The establishment of the First Saudi State in 1727 marked a significant chapter in Saudi history, as it briefly controlled most of present-day Saudi Arabia, including the capture of Mecca in 1806 and Medina in 1804. Concerned about the growing power of the Saudis, the Ottoman Sultan Mustafa IV instructed Mohammed Ali Pasha in Egypt to reclaim the region. The Pasha’s sons, Tusun Pasha and Ibrahim Pasha, eventually succeeded in routing the Saudi forces in 1818, dismantling the power of the Al Saud.

In 1824, the Al Saud returned to power, establishing the Second Saudi State. However, their control was primarily restricted to the Najd region, encountering challenges from rivals like the Rashidis of Ha’il. Throughout the 19th century, the Al Saud and Al Rashid engaged in protracted struggles for control over the interior, culminating in the decisive defeat of the Al Saud by the Al Rashid in 1891, forcing the Saudis into exile in Kuwait.

Simultaneously, in the Hejaz, following the defeat of the First Saudi State, the Egyptians continued to occupy the region until 1840. Upon their departure, the Sharifs of Mecca reinstated their authority, coexisting with an Ottoman governor and garrison.

By the early 20th century, the Ottoman Empire retained control or nominal suzerainty over most of the Arabian Peninsula. Arabia was governed by a mosaic of tribal rulers, including the Al Saud, who returned from exile in 1902. The Sharif of Mecca held preeminence, ruling the Hejaz. In 1916, with the backing of Britain and France during World War I, Sharif Hussein bin Ali led a pan-Arab revolt against the Ottoman Empire, aiming for Arab independence and a unified Arab state.

The Arab Revolt, despite not involving the Al Saud due to historical rivalries, contributed to the Middle-Eastern Front and diverted Ottoman troops, aiding the Ottomans’ defeat in 1918. However, with the subsequent partitioning of the Ottoman Empire, the promised support for a pan-Arab state evaporated. Britain shifted support to the Al Saud, leaving Hussein diplomatically isolated. While the Arab Revolt failed to achieve its goal of a pan-Arab state, it succeeded in liberating Arabia from Ottoman suzerainty and control.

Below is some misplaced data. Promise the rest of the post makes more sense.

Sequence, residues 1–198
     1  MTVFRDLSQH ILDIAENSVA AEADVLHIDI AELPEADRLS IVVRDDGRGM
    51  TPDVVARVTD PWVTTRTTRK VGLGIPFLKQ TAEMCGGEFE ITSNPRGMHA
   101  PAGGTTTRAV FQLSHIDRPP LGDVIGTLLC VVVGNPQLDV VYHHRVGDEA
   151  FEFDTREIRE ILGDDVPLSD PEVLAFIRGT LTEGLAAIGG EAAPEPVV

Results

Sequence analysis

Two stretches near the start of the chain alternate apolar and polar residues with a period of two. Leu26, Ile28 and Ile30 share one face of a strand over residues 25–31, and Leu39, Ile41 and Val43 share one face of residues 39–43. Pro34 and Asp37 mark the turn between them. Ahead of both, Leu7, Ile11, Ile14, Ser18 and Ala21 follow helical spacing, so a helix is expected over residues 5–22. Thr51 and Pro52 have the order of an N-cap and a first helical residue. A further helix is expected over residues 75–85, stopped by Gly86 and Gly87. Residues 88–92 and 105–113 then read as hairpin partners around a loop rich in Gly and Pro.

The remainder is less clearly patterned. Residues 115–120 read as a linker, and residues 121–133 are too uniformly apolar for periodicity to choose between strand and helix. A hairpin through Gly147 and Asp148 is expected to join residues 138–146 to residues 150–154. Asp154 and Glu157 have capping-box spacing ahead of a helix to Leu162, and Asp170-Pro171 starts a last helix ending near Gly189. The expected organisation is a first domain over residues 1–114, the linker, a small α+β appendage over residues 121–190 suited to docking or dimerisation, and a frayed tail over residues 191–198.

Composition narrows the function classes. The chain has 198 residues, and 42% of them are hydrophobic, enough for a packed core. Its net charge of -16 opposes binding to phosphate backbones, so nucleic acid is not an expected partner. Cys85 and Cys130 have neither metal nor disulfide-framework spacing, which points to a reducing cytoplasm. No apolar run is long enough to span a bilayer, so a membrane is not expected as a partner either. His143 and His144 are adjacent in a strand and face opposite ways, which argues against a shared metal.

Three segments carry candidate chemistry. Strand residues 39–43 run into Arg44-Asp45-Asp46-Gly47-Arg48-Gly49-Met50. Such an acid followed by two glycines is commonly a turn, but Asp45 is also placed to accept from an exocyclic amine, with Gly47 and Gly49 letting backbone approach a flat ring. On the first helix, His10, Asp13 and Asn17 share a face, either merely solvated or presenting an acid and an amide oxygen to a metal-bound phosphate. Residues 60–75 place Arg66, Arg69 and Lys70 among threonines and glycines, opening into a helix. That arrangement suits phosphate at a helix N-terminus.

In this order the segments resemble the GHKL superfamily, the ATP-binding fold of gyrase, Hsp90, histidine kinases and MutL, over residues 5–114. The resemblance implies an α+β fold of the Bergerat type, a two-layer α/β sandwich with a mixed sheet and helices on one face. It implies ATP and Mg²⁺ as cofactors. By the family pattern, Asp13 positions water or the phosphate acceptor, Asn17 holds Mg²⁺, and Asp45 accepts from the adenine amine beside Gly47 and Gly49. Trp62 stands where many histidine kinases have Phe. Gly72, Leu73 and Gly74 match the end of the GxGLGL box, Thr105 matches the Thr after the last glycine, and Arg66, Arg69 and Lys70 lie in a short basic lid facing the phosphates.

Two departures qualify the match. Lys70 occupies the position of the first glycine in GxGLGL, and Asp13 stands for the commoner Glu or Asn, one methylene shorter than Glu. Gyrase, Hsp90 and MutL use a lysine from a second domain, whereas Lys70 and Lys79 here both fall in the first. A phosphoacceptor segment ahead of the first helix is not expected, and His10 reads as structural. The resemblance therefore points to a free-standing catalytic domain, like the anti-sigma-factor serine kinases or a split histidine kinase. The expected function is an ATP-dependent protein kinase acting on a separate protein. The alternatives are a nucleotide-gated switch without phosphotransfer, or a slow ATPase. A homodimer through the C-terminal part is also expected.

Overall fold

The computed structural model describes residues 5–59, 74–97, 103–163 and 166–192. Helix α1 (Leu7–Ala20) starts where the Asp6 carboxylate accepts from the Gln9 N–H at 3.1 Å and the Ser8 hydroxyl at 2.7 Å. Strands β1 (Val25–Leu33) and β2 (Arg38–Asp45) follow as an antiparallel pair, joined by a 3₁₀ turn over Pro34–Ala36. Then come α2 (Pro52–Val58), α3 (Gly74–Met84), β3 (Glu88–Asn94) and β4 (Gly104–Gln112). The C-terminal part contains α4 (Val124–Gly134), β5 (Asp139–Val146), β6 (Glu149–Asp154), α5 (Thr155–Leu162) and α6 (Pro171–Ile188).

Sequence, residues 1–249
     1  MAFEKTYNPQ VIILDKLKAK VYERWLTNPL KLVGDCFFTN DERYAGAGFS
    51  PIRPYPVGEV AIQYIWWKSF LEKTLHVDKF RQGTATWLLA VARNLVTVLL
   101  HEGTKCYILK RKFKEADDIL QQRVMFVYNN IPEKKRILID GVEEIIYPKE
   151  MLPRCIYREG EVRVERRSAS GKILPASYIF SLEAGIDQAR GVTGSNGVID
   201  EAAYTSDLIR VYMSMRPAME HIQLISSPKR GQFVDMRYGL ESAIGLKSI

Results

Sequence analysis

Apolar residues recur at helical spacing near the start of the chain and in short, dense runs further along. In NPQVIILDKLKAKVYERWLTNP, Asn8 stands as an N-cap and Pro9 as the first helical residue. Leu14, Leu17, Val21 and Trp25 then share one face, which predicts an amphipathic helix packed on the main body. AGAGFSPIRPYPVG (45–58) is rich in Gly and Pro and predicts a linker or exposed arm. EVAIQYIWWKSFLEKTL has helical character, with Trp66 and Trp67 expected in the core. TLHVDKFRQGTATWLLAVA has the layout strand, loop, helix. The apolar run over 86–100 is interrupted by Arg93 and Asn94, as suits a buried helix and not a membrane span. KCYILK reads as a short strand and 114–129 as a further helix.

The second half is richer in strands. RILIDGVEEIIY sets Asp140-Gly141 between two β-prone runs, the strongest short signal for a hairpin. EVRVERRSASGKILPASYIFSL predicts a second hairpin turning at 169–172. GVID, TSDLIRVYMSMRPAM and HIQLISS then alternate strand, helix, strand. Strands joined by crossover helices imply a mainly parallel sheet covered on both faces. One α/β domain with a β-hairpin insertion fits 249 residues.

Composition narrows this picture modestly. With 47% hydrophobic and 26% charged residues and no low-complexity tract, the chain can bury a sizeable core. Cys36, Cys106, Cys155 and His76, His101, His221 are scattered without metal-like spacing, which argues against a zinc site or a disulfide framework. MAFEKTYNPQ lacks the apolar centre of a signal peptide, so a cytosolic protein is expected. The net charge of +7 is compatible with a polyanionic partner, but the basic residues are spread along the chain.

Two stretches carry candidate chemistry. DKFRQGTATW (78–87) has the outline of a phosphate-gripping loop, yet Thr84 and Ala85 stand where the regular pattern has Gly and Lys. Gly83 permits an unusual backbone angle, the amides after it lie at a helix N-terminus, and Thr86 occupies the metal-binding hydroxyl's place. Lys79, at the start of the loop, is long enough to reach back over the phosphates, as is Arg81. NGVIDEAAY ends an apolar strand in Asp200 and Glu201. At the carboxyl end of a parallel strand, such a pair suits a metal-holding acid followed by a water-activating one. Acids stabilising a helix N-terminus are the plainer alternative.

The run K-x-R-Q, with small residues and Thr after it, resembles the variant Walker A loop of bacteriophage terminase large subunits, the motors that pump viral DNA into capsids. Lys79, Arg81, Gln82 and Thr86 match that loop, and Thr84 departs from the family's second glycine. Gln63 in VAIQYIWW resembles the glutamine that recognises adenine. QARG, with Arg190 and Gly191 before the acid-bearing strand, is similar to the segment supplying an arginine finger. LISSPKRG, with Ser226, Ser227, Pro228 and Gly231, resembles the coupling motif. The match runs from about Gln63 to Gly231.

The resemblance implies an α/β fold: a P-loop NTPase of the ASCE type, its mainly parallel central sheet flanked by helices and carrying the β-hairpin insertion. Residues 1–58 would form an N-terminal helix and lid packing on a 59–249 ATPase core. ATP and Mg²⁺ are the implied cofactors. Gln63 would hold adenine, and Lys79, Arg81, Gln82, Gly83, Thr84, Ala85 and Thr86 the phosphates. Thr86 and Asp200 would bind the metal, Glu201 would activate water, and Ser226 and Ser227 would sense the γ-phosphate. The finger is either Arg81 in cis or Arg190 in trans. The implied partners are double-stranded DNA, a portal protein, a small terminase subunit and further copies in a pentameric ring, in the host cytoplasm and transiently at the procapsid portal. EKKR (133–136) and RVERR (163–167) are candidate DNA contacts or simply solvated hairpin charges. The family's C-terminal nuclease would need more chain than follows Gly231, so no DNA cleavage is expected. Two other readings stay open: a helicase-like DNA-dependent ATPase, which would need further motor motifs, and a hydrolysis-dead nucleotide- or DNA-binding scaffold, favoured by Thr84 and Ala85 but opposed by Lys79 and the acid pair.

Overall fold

In 1902, Abdul-Aziz Al Saud, leader of the Al Saud, emerged from exile in Kuwait, reigniting the conflict with the Al Rashid. His capture of Riyadh marked the inception of the Third Saudi State, initiating a series of conquests that ultimately culminated in the establishment of the modern state of Saudi Arabia in 1930. Central to these conquests was the Ikhwan, the Wahhabist-Bedouin tribal army led by Sultan bin Bajad Al-Otaibi and Faisal al-Duwaish.

By 1906, Abdulaziz had successfully driven the Al Rashid out of Najd, gaining recognition from the Ottomans as their client in the region. His strategic acquisition of Al-Hasa from the Ottomans in 1913 provided control over the Persian Gulf coast and the future site of Saudi Arabia’s extensive oil reserves. Despite abstaining from involvement in the Arab Revolt, Abdul-Aziz continued his campaign against the Al Rashid in northern Arabia, achieving a significant victory in 1921.

Before 1923, Abdulaziz had refrained from invading the Hejaz due to the support given to Hussein bin Ali, King of the Hejaz, by Britain. However, when British support withdrew in 1923, Abdulaziz convened a conference in Riyadh in July 1924 to address grievances against the Hejaz, including hindrances to pilgrimage from Najd. The Ikhwan, now mobilized on a large scale, advanced on Mecca under Khalid bin Lu’ayy and Sultan bin Bajad, completing the conquest of the Hejaz by the end of 1925. On January 10, 1926, Abdulaziz declared himself King of the Hejaz, followed by the title King of Najd on January 27, 1927. The utilization of the Ikhwan for the conquest brought about significant societal changes, replacing the cosmopolitan structure of the Hejaz with a mandated Wahhabi culture.

The Treaty of Jeddah, signed on May 20, 1927, marked the recognition of Abdul-Aziz’s realm’s independence by the United Kingdom, then known as the Kingdom of Hejaz and Najd. Post the Hejaz conquest, Ikhwan leaders aspired to extend the Wahhabist realm into British protectorates, yet Abdul-Aziz, mindful of the perils of direct conflict with the British, refused to agree. This led to an Ikhwan revolt, culminating in their defeat in the Battle of Sabilla in 1929, with many Ikhwan leaders meeting their demise.

In 1932, the Kingdom of Saudi Arabia was established, unifying the kingdoms of the Hejaz and Najd. Boundaries with Transjordan, Mandatory Iraq, and Kuwait were solidified through treaties in the 1920s, creating “neutral zones” with Iraq and Kuwait. The southern boundary with Yemen found definition in the 1934 Treaty of Ta’if, concluding a brief border war between the two states.

Although Abdulaziz achieved military and political success, Saudi Arabia faced economic challenges until the discovery of significant oil reserves in the Al-Hasa region along the Persian Gulf coast in 1938. Economic development commenced in 1946, post the World War II delay, with full-scale oil production by 1949.